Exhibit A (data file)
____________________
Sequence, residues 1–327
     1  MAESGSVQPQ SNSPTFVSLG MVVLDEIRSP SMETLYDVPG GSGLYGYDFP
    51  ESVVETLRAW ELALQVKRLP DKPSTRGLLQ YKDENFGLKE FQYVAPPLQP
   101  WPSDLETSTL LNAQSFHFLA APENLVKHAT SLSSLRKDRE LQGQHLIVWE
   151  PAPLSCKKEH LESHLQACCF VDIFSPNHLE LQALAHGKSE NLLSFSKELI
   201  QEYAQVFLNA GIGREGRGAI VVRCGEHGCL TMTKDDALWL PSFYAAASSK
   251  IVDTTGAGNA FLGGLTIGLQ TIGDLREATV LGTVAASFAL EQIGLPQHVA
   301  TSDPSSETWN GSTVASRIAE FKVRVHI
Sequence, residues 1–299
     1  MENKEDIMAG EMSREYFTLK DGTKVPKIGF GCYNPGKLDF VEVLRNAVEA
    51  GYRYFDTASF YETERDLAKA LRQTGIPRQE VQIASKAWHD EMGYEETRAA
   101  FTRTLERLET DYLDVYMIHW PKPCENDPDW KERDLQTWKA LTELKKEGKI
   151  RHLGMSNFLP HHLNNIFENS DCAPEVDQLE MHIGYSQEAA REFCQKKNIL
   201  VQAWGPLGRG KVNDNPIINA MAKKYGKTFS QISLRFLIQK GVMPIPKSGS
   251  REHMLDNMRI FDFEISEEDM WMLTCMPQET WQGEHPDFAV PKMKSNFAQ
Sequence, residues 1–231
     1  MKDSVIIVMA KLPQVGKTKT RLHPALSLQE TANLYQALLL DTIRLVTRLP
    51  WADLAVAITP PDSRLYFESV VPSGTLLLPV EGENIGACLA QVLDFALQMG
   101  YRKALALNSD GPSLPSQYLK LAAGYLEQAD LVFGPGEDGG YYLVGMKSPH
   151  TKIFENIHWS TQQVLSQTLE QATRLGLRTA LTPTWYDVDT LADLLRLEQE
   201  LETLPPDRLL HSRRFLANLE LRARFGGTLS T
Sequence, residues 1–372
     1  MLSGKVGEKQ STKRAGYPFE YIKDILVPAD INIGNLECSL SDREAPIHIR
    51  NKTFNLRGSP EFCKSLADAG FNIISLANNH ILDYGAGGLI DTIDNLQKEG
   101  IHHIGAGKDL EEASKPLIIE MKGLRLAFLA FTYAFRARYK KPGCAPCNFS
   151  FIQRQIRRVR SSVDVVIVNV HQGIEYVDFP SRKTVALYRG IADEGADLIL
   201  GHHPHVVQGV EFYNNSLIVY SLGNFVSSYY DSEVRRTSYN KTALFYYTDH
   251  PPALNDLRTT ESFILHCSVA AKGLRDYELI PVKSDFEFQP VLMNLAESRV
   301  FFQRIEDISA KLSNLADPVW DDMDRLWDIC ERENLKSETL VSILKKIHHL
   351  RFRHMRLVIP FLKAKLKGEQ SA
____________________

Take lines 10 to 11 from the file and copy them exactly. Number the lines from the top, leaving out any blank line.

     1  MENKEDIMAG EMSREYFTLK DGTKVPKIGF GCYNPGKLDF VEVLRNAVEA
    51  GYRYFDTASF YETERDLAKA LRQTGIPRQE VQIASKAWHD EMGYEETRAA